The site also provides a raft of guidance, explanations and updates as the platform evolves, explaining that monetary estimates can provide information for decision-makers, for policy planning, cost–benefit analysis and raising awareness.

The EU has adopted the Natural capital accounting tool as well, which is based on the SEEA. This is a common set of rules and methods to track changes in ecosystems and services across policy areas.

The Destination Earth project has meanwhile been designed to develop a highly accurate digital model of the Earth. The objective is to achieve the twin transition as part of the European Commission's Green Deal and Digital Strategy. The model's initial focus is 'the effects of climate change and extreme weather events, socio-economic impact and possible adaptation and mitigation strategies'.

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UK offers resources and guidance

In the UK, the Environment Agency's Natural capital register and account tool (NCRAT), originally released in 2021, was updated to version 1.2 last year. The NCRAT is a publicly accessible, spreadsheet-based tool, allowing users to identify natural assets in a particular area and calculate the value of the services that they provide.

This updated version also aligns the NCRAT with the Department for Environment, Food & Rural Affairs (DEFRA)'s Enabling a Natural Capital Approach (ENCA). The ENCA comprises a range of resources including data guidance and tools for natural capital accounting. These were also updated last year, and include case studies, assessment templates and links to relevant sources of information.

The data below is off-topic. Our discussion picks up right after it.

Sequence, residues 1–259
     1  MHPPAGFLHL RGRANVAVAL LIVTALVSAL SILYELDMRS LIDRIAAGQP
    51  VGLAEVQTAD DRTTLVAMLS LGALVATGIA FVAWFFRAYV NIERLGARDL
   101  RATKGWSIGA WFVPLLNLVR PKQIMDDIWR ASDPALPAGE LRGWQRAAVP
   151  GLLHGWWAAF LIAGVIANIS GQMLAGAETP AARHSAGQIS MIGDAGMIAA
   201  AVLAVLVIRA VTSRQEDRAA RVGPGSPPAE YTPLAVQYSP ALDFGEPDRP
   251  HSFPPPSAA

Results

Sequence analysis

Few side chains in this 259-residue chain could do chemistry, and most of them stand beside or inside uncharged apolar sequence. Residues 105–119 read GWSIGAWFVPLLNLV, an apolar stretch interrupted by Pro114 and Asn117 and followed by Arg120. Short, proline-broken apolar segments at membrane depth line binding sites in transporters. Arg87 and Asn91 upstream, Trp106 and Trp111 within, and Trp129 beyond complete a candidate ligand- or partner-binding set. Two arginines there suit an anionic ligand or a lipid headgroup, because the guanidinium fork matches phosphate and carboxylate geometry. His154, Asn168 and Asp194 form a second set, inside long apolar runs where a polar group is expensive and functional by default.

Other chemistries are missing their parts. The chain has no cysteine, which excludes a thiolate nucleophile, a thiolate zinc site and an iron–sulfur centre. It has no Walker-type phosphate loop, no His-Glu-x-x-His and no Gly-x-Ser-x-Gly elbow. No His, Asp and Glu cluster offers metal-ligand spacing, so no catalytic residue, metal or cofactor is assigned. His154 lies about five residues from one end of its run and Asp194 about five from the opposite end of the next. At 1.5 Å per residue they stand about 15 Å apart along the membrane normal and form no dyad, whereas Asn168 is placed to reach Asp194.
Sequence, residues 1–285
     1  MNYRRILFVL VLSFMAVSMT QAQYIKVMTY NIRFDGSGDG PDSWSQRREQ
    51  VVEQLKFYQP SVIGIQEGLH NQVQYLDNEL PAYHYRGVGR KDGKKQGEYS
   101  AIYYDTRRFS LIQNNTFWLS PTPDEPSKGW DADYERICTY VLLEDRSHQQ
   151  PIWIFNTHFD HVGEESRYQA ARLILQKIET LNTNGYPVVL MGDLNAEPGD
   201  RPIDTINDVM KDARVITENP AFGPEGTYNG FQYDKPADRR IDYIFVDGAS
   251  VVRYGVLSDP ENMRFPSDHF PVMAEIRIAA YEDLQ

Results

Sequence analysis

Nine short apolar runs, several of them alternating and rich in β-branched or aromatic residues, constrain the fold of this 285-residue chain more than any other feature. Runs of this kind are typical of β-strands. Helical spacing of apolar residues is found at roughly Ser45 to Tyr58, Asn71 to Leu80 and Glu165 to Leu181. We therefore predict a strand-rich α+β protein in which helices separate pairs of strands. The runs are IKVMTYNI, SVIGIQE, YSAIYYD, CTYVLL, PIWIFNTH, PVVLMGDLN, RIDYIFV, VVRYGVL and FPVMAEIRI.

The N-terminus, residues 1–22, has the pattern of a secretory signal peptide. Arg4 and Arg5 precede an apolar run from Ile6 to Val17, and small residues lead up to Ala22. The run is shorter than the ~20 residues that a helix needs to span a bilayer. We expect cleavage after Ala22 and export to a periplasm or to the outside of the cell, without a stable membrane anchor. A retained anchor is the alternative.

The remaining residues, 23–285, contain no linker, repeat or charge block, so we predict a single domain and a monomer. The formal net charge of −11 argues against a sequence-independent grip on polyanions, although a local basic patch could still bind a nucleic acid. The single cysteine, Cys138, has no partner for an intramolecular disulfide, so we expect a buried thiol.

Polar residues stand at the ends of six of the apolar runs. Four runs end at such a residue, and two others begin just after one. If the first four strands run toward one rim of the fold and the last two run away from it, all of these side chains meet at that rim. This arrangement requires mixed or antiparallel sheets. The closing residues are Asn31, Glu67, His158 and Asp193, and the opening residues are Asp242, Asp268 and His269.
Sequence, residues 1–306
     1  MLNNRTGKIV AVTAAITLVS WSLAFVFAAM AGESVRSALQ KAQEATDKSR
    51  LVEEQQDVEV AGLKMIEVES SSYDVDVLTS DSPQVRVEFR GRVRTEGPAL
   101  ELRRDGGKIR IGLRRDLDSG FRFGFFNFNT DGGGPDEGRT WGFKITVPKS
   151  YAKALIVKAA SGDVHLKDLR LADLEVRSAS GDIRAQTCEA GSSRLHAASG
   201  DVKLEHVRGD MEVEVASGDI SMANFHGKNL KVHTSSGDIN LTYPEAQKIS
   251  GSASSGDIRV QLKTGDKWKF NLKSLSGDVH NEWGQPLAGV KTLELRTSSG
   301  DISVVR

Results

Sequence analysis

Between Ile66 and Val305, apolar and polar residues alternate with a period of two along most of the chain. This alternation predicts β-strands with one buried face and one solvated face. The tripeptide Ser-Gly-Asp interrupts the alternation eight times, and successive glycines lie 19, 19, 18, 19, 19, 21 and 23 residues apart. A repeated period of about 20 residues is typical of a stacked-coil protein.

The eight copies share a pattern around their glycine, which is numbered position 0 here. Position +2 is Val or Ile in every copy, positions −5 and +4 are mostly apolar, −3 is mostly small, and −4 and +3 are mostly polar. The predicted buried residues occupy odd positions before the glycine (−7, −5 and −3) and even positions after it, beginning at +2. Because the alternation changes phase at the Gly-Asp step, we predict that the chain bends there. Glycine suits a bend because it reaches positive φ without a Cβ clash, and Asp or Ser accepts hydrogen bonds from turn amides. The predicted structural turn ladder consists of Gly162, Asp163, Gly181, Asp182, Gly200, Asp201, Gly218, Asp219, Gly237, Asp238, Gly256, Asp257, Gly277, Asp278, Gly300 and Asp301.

Combined with and informed by the ONS natural capital accounts, these approaches create an increasingly robust and cross-referenced database. The ONS UK natural capital accounts methodology, updated in 2022, is also a useful resource.

Research supports data collection

In parallel with national and international developments, significant research that informs natural capital valuation continues to provide vital data and resources. Stanford University has developed the InVEST platform, for instance, a free suite of open-source software models to map and value ecosystem services.

A recent research project in the UK has also produced a number of exciting tools, in particular the South West Partnership for Environmental and Economic Prosperity (SWEEP). Carried out between 2017 and 2023, this was a collaboration between the Universities of Exeter and Plymouth, and Plymouth Marine Laboratory. The project also involved more than 300 businesses, policy-makers and community partners.